OculinaHis arrival is due to the oil rigs that dock and anchor in the ports of Santa Cruz de Tenerife and Las Palmas.

Researchers believe that the first of the two corals to arrive was, probably, the 'Tubatraea coccinea’ because it has managed to expand outside the docks. If the 'Oculina Patagonica', two colonies have been located in the Puerto de La Luz: one in the very walls of the spring and one in the rocks on the beach of Las Alcaravaneras.

Oil rigs that since 2011 part of the landscape of the ports of Las Palmas and Santa Cruz de Tenerife They have introduced two tropical coral islands, potentially invasive, that they are beginning to form colonies off the docks.

Magazine Museum of Natural Sciences of Tenerife published this month work of researchers University of La Laguna (ULL), the Environmental Research Center Atlantic, the Sea Museum of Ceuta and the Department of the Environment of the Canary Government documents, for the first time in the Islands, the presence of corals and Oculina patagonica Tubastraea coccinea.

The study's authors, whose first author is Alberto Brito, Unit Marine Science ULL, remember that in recent years they have been seen in major ports of the Canary Islands tropical fish themselves Gulf of Guinea, Indian or South America that, in many cases, They had never been seen before in the Islands.

Just a year ago, a team of University of Las Palmas He presented in the journal Journal of marine systems a study showing that those fish had arrived at Puerto de La Luz with oil rigs, huge structures that move very slowly through the ocean along thousands of miles, behaving like true artificial reefs.

The team led by the Unit of Marine Science shows how ULL these same platforms have been introduced in the two Canary capitals originating Pacific coral and adapted to tropical waters he never had as seen north (the Tubastraea) and they have also allowed, in the case of Puerto de La Luz, proliferates the Oculina, a South American species that had never been detected in the eastern Atlantic, although in the Mediterranean, which already has set off several alarms.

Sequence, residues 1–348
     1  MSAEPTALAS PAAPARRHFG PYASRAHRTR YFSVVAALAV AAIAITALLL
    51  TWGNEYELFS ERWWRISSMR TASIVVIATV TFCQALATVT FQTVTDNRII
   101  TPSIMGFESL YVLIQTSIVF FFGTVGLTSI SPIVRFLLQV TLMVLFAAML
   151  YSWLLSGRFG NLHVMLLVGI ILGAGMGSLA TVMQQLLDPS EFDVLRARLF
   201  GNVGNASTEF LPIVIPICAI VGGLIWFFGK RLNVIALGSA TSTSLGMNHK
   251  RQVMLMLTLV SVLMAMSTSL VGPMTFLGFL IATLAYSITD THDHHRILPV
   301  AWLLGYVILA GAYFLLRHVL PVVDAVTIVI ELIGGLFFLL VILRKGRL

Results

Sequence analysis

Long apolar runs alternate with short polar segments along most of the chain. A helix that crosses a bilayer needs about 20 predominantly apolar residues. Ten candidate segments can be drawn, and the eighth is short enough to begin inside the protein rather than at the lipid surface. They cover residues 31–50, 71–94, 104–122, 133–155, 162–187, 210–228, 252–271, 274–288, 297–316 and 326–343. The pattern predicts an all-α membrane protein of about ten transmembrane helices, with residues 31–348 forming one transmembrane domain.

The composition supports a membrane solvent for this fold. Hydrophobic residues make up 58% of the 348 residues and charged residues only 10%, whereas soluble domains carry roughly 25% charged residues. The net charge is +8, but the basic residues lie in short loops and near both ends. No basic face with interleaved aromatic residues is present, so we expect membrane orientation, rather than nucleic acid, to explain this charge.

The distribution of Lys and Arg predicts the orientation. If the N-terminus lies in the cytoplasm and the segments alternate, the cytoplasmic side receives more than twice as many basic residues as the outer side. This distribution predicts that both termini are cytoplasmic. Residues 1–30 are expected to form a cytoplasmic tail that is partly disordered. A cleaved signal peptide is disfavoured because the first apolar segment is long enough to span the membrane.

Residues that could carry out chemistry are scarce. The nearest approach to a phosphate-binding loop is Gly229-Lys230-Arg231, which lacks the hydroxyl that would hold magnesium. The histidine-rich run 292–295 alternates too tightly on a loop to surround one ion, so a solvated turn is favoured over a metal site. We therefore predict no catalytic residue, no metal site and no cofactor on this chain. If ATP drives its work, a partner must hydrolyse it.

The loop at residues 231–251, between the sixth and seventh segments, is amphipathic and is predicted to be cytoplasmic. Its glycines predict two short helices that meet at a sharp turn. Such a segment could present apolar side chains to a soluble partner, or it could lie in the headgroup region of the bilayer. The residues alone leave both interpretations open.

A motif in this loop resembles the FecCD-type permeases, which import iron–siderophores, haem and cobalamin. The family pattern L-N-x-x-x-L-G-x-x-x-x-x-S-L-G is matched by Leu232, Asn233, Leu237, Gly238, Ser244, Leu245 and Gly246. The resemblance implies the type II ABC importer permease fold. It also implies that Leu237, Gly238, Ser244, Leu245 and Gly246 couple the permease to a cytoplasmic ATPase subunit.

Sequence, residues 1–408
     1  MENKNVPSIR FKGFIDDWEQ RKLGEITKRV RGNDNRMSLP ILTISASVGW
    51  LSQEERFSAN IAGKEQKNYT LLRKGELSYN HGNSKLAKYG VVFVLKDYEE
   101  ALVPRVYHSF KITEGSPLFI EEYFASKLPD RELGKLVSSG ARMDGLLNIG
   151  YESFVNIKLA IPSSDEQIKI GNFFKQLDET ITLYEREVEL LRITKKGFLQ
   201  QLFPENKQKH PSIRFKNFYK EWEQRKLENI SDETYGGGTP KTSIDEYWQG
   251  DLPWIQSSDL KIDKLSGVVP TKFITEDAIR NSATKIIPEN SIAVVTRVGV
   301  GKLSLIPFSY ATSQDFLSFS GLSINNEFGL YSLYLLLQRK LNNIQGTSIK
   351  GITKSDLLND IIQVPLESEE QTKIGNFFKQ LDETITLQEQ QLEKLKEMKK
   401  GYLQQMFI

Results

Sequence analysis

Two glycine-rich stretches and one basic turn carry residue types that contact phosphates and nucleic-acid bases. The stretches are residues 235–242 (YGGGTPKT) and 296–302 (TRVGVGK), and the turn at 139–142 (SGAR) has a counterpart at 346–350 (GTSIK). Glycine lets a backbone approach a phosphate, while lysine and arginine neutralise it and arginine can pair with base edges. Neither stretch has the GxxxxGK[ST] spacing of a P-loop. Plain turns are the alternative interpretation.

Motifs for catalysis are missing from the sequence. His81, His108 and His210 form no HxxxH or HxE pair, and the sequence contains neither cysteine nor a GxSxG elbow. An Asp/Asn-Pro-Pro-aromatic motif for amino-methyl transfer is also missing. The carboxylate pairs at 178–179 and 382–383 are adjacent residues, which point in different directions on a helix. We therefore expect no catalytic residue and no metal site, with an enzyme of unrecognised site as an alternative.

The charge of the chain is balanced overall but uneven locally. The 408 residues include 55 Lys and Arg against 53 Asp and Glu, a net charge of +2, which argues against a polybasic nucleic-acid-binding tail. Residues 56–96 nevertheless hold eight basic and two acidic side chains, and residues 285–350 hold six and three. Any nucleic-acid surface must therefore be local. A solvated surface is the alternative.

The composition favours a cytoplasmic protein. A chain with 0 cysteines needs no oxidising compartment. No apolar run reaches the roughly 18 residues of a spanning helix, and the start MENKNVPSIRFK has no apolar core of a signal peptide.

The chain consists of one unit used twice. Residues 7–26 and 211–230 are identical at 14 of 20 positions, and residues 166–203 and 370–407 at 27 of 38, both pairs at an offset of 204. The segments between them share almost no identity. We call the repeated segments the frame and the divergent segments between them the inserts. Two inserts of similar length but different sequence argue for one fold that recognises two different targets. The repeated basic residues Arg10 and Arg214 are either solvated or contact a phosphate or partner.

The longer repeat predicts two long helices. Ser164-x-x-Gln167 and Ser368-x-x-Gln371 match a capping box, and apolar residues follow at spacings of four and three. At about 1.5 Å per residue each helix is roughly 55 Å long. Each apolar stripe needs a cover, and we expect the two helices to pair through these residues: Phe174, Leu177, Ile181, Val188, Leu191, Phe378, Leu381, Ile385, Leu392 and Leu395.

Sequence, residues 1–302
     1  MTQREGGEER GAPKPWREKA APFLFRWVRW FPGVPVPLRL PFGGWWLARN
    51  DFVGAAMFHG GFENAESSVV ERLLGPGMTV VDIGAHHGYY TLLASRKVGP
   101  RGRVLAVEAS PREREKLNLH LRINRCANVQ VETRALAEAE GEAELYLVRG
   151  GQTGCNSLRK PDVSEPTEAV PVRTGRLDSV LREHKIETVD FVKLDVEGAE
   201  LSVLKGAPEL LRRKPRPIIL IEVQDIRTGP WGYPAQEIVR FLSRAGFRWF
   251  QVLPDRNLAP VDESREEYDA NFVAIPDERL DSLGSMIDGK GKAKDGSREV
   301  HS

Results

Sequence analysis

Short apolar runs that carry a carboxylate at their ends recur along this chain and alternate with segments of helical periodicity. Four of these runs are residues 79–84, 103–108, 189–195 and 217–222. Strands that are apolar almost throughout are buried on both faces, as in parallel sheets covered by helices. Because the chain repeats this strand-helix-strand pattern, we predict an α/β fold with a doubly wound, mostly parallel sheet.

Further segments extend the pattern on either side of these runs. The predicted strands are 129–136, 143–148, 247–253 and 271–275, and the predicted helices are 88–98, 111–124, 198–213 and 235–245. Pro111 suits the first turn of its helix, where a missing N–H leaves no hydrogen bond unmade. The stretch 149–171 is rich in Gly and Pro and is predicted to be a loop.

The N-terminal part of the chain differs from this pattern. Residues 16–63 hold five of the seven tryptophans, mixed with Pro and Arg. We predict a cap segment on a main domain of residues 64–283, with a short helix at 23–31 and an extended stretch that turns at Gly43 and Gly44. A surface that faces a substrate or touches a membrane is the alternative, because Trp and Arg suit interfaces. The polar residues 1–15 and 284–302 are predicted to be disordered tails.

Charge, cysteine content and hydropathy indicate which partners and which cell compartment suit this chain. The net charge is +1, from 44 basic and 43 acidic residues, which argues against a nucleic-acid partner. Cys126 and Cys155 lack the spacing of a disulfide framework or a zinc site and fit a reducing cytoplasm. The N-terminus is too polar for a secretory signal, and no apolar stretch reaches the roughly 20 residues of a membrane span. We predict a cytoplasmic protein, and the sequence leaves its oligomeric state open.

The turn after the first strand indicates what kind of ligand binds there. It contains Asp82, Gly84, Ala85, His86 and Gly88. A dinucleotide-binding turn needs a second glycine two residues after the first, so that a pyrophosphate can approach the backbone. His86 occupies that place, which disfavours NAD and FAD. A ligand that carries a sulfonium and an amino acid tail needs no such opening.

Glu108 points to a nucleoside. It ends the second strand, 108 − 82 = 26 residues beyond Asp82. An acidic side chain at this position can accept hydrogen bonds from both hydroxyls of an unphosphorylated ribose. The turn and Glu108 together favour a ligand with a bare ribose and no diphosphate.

Researchers believe that the first of the two to arrive was probably the Tubatraea coccinea, because it has managed to expand outside the ship docks major platforms and oil industry It has formed colonies not only in the port of Las Alcaravaneras beach, but also in two other parts of the coast of Gran Canaria located 11 and 30 kilometers south: in Jinámar (counted) and the funds El Cabron (Agüimes).

In the case of the Patagonian Oculina, two colonies have been located in the Puerto de La Luz: one in the very walls of the spring and one in the rocks on the beach of Las Alcaravaneras.

Oil rigs have transported him to the Canary Islands “a remarkable amount of tropical fauna”, which in some cases it has managed to proliferate in the Islands thanks to long stays of those ships in ports (Many of them carry many months berthed in repair or SIBAs).

However, also they stress that climate change has brought down the natural barriers that until recently prevented a tropical species arrival in the Canary Islands with maritime traffic is adapted to its waters. To this has contributed “definitely”, point, the fact that the temperature of the coastal waters of the Canary Islands right now oscillate between 17 and the 25 degrees, with an average of 21 ° C.

In the case of the first of the two species of coral detected, The authors express their fear of their potential for “to break into” short and medium term the coast of the Canary Islands, “because of its proven ability to expand rapidly and coated with high densities funds”, as already it is beginning to be seen in Gran Canaria.

As for the Oculina, recognize that the fact that so far has not left the port of La Luz “It does not allow hypothesizing about a risk of invasion”, but also remember that “in the Mediterranean it is expanding rapidly” So what “Canary sea conditions are optimal for development”.

For this reason, warn that “the presence of these corals will modify the structure of benthic communities” of marine ecosystems Canary and call monitoring environmental administrations to expand and evaluate its impact.